This is a short video of Ale tuning my horse Mo’s performance over fences.  Mo is not the explosive type.  He is more of the asleep-at-the-wheel-on-cruise-control type.

In between his horse training sessions, Ale also teaches dressage and hunter/jumper riding lessons to people,  many of  them middle-aged women with various physical and emotional challenges, like myself.   This is good exercise for Ale’s patience and sense of humor.

On his days off, Ale likes to take his human and equine clients to horse shows.  Which means competing in events himself, plus doing schooling rides for the young horses, plus coaching the humans in their own events and teaching lessons at the showgrounds.  From my observation, Ale’s diet at horse shows consists of pastries (primarily bear claws) and Coke.  Once in a while a beer.

On some other days off, Ale likes to take his boat out and wakeboard.  Even though once he fell off the wakeboard and broke his leg.  I believe the actual breaking process had started earlier, by a horse that wished to smash Ale’s leg into a fence.  And got his wish.

And I think he does some other semi-dangerous activity in snow but since I don’t do snow, I have not been interested in finding out more about that.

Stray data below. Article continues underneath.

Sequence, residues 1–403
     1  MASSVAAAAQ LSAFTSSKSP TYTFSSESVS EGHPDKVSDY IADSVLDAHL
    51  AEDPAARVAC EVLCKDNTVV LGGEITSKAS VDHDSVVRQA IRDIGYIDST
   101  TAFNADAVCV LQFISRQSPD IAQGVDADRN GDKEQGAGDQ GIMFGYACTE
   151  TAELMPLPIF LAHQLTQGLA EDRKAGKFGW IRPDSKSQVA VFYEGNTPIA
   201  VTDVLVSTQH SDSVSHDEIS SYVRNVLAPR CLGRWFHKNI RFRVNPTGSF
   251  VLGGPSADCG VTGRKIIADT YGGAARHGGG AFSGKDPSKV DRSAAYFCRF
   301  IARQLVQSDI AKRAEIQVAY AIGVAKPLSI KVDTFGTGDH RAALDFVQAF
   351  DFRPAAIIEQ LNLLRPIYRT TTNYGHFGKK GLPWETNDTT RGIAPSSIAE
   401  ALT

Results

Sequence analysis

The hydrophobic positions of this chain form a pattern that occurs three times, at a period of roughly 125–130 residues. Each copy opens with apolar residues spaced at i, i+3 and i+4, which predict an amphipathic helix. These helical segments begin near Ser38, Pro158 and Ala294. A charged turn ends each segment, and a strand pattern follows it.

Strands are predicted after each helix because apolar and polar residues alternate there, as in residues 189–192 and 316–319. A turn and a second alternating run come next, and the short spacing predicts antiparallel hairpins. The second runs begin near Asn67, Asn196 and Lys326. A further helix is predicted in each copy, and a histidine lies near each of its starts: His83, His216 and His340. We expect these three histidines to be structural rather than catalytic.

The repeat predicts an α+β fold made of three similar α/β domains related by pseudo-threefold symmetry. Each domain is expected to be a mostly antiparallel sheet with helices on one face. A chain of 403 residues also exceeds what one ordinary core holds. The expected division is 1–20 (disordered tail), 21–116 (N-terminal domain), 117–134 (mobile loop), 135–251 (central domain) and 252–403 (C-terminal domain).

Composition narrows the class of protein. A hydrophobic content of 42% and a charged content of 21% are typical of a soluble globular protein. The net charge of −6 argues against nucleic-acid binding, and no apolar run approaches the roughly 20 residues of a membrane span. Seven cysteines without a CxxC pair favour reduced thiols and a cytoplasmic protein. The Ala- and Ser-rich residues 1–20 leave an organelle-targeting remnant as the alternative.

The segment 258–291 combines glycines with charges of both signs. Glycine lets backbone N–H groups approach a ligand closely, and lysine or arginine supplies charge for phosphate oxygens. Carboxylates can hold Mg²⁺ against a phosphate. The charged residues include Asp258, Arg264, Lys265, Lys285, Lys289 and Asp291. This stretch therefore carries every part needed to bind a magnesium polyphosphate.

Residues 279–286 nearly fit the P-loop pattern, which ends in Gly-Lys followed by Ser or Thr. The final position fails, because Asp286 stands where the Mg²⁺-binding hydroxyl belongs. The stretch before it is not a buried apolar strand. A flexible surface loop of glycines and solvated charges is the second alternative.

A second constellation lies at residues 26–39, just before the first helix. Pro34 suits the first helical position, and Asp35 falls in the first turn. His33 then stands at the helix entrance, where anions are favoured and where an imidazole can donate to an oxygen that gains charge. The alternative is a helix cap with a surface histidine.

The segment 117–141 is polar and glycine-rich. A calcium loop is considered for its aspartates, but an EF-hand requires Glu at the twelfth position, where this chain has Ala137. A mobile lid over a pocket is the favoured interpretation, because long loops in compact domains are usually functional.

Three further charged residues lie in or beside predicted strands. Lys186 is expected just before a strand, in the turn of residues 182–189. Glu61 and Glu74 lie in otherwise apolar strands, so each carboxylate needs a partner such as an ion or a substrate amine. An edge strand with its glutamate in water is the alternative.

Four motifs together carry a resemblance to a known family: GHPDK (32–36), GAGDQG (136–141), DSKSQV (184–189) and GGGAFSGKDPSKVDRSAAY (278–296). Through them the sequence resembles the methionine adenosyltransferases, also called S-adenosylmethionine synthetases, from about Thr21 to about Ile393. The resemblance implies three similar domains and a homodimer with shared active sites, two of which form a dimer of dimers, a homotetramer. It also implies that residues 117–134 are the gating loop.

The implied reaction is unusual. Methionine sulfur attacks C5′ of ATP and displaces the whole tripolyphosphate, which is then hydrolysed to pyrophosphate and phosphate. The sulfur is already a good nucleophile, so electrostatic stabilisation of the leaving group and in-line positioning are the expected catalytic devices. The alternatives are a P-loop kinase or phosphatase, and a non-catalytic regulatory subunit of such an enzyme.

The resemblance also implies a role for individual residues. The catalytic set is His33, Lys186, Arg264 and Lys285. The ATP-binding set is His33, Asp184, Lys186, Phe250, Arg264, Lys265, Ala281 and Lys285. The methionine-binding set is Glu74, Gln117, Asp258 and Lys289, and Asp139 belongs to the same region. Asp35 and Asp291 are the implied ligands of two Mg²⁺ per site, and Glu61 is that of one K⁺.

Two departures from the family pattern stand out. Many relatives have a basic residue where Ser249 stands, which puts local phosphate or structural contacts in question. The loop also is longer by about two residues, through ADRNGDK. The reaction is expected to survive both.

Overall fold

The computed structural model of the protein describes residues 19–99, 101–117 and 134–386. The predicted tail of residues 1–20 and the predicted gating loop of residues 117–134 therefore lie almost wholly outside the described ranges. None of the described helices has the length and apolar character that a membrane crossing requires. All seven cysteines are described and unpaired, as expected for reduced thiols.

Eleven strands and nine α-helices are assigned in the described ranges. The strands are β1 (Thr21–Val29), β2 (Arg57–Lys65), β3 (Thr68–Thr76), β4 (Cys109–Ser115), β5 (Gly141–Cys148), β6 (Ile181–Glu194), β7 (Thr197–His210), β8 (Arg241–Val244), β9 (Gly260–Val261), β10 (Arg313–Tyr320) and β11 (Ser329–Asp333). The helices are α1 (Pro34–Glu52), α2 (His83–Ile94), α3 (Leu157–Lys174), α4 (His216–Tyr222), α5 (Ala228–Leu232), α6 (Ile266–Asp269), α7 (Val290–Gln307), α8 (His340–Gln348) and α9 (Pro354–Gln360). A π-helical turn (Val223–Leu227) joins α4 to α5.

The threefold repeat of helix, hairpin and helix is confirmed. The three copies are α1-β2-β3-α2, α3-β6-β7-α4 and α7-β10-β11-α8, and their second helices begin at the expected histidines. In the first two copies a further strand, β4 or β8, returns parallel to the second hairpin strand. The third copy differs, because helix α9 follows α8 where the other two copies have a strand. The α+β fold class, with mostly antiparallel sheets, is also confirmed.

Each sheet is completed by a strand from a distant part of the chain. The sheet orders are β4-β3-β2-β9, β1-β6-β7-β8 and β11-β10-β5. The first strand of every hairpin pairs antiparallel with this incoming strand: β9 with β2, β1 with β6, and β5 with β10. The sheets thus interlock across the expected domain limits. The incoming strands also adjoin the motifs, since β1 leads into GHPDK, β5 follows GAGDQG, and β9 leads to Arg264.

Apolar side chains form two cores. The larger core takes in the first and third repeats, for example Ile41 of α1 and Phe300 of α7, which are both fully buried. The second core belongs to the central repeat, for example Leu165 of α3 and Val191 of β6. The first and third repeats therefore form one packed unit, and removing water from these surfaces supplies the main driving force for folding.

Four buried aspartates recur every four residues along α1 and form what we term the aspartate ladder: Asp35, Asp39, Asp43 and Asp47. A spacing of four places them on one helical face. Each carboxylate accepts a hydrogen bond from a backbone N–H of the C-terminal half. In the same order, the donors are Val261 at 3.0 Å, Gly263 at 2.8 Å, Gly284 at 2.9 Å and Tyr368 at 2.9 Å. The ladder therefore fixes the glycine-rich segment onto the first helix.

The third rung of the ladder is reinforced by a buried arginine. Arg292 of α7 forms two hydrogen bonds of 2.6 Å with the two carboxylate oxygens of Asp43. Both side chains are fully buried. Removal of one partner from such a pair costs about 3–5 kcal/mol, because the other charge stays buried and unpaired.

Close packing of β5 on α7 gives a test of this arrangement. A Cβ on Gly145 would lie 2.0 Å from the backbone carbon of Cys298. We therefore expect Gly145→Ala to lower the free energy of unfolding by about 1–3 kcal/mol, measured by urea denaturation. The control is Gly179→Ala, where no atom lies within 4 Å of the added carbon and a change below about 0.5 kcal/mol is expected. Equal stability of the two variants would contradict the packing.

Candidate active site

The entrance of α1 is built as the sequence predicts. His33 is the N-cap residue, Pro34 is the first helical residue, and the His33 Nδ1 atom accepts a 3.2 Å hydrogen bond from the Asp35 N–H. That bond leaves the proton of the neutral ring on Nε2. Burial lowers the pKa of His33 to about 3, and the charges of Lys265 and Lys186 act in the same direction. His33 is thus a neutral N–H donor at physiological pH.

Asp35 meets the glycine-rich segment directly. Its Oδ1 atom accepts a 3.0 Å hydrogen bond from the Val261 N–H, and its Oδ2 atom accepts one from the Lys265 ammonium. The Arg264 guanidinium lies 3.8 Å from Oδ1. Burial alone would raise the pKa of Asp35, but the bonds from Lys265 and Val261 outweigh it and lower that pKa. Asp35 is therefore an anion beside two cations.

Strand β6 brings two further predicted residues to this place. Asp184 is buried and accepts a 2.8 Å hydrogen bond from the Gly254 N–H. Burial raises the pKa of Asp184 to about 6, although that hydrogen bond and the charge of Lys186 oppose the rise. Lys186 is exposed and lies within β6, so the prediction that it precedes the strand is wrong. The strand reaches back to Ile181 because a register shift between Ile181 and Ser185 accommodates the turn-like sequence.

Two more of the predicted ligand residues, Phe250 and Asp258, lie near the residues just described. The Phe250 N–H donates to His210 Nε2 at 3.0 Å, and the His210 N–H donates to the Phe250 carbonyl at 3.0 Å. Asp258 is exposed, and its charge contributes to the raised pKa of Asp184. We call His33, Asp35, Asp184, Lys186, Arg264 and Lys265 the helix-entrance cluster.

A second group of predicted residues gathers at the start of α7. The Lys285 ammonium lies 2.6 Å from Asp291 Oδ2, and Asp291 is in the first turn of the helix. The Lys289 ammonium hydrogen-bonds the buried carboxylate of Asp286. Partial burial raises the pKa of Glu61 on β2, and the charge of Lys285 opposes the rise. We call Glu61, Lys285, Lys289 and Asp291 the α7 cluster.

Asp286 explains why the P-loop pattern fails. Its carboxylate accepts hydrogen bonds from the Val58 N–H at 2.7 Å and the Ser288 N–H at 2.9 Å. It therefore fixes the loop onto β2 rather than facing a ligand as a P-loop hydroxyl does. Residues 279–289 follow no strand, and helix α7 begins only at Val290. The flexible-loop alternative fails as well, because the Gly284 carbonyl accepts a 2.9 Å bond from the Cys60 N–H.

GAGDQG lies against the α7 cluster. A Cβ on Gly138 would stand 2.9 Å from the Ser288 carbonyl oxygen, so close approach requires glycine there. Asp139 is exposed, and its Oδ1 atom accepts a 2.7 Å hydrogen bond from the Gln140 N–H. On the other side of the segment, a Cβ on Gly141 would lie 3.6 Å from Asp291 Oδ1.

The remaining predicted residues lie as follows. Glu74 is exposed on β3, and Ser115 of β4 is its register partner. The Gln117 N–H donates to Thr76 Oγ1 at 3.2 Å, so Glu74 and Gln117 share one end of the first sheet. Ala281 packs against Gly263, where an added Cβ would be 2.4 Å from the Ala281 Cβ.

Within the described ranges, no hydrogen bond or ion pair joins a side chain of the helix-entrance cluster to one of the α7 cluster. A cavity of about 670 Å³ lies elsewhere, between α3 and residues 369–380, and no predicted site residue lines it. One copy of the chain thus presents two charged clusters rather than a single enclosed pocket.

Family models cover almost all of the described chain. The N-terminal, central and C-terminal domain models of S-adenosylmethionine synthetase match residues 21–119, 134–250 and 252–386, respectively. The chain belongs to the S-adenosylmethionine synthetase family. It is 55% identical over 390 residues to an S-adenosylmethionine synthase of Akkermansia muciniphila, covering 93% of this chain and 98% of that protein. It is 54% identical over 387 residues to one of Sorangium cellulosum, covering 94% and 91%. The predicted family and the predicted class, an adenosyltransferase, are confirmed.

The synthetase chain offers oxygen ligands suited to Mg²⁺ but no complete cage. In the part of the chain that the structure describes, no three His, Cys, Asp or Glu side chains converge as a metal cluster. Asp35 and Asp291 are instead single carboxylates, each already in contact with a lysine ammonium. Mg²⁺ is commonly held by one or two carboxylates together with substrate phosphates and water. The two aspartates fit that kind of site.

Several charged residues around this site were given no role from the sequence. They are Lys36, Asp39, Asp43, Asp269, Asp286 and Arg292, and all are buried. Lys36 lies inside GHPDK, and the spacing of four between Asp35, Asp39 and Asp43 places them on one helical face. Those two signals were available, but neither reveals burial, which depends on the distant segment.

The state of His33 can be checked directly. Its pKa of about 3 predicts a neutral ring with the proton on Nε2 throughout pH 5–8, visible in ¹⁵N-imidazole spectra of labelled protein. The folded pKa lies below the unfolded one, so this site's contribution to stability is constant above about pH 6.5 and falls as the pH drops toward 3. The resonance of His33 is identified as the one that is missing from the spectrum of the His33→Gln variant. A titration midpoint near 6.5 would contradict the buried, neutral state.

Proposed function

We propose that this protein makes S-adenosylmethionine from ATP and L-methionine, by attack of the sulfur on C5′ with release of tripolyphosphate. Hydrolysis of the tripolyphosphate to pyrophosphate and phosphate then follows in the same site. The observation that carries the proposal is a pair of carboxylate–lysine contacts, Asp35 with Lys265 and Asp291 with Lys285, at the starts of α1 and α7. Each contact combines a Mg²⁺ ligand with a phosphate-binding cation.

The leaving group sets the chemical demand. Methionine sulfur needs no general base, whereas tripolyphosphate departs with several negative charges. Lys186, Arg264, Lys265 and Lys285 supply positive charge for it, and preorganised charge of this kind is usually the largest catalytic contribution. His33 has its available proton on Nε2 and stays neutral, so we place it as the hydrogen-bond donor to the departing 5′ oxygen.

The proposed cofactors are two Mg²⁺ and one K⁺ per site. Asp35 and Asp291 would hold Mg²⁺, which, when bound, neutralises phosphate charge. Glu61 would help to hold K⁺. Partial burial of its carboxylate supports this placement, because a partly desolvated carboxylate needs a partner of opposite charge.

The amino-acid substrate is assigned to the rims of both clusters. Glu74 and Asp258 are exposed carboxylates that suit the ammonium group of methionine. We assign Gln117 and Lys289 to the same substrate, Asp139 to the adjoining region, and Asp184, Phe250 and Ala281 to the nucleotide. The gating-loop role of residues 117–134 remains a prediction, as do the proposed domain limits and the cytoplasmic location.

Ale is one of my heroes because he faces a lot of challenges in his life and in his work with horses and horse-loving people with patience, strength, humility, grace, humor, and quiet self-assurance.  These qualities are what I admire and what I aspire to.  I also want to ride like Ale when I grow up.  Fat chance of that, so to speak.  But he encourages and inspires me toward achieving my goals and he hardly ever yells at me.

¡Muchisimas gracias, Ale!

P.S.  You can read more about Alejandro, his bio, his training business Rancho Pura Vida, and see lots of photos on his web site www.ranchopuravida.com.


This video I made to thank Ale for his work with my young mare Rainy after her second training season with him.  When she first met Ale, Rainy was an unbroke (not yet trained to be ridden) four year old mare with a strong, stubborn will.  I learned so much by watching Ale work with Rainy, and his diligence and expertise in both her training and mine eventually allowed me to achieve a dream and ride her myself.

If you have a slower connection, the video may have fits and starts …  just let it buffer completely before playing.

Music:  “Teach Your Children” … performed by Crosby, Stills and Nash … written by Graham Nash.  No copyright infringement intended.

FFFF Hall of Fame – Laurie

I’ve mentioned that I enjoy seeing Before and After photos of people who have lost significant amounts of weight.  But as you now know, I consider a lot of them suspect, creative manipulation of photoimagery.   Those that do appear legit might be interesting or even remarkable, but they’re not necessarily inspiring to me personally.